Whether we realize it or not, colors can have a significant impact on our moods and behaviors. This is why it’s so important to choose the right interior painting colors for your home. Everyone has different preferences, of course. Some people might feel relaxed in a taupe living room while others might enjoy an energizing red kitchen. Of course, we aren’t always the only members of a household. Dogs, cats, and other pets may react to a home’s colors, too. But how, exactly?
Pets don’t see the world the way that humans do. There is a lot of variance among human vision capacity, but at maximum functionality, the human eye can make out up to 10 million colors. Dogs, on the other hand, see a much more limited spectrum. Their world looks a bit duller, lacking brighter greens, oranges, and reds. While dogs don’t see in binary black and white, they mostly see in grays, blues, and yellows. Cats, like dogs, also see fewer colors than humans can. They do, however, see in the dark quite well, an important adaptation for hunting.
Birds, on the other hand, see many colors. This makes sense, considering the importance of male bird coloration for mating purposes. Scientists also discovered that many bird species can even see ultraviolet light, which is beyond what human eyes can see. This supposedly helps them better avoid predators, find mates, and locate food.
While researchers still have a ways to go before determining exactly how different colors affect pets, we can still speculate. Since dogs and cats don’t see the bright, saturated colors humans can, we can assume that gaudy colors like pink, bright red, or green don’t have much of an effect on these pets. They might alter the moods and behaviors of birds, however.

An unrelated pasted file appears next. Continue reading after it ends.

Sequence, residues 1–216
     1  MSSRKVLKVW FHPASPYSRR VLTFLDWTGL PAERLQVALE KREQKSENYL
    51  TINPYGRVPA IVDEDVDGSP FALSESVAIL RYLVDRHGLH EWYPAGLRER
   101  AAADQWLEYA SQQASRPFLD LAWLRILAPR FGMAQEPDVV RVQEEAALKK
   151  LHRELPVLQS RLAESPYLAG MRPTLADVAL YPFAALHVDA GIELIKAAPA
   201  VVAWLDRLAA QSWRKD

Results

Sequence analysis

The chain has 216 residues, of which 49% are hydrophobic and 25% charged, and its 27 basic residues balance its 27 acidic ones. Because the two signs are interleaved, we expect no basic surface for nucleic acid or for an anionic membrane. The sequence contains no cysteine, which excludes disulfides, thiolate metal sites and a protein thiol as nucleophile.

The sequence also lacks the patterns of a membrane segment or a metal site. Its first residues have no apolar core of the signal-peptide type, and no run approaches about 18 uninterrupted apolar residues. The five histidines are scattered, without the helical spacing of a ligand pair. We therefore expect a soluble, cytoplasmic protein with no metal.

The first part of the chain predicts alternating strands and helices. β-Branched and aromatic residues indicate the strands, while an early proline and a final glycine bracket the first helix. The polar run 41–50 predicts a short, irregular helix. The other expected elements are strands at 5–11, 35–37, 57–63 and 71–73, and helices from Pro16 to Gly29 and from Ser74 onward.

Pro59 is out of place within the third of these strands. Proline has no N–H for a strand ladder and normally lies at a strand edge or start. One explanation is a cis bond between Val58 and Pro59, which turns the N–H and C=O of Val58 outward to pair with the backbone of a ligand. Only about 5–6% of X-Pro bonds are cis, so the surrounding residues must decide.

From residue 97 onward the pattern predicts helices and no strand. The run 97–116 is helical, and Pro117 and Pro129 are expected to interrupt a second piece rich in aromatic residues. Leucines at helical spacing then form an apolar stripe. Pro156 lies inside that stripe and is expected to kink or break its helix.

Certain shades of blue and yellow, however, might stand out for dogs and cats. They might gravitate towards a living room painted yellow and/or blue, for instance. These house painting colors might stimulate their senses a bit more than those colors that fall outside their visible spectrum, making them more playful or energetic.
It’s important to note, however, that just because some pets can’t see certain colors doesn’t mean that these colors can’t affect them. There is a lot we still don’t know about how pets see or experience the world. We also don’t know with any certainty how colors (both seen and unseen) affect the human brain. It could be that scents or sounds have a much larger impact on a pet’s behavior than colors.
The residential painting colors you choose remains a subjective choice. Obviously, your pets can’t tell you which colors they enjoy and which they’d rather avoid. If you know your pet well, you might find that certain colors or stimuli have certain effects on their mood. If that’s the case, you can make a more informed decision when hiring painting services. Experienced home painters might also have some input and anecdotal evidence to support a certain color scheme over another. It’s always a good idea to consult them if you’re ever uncertain.
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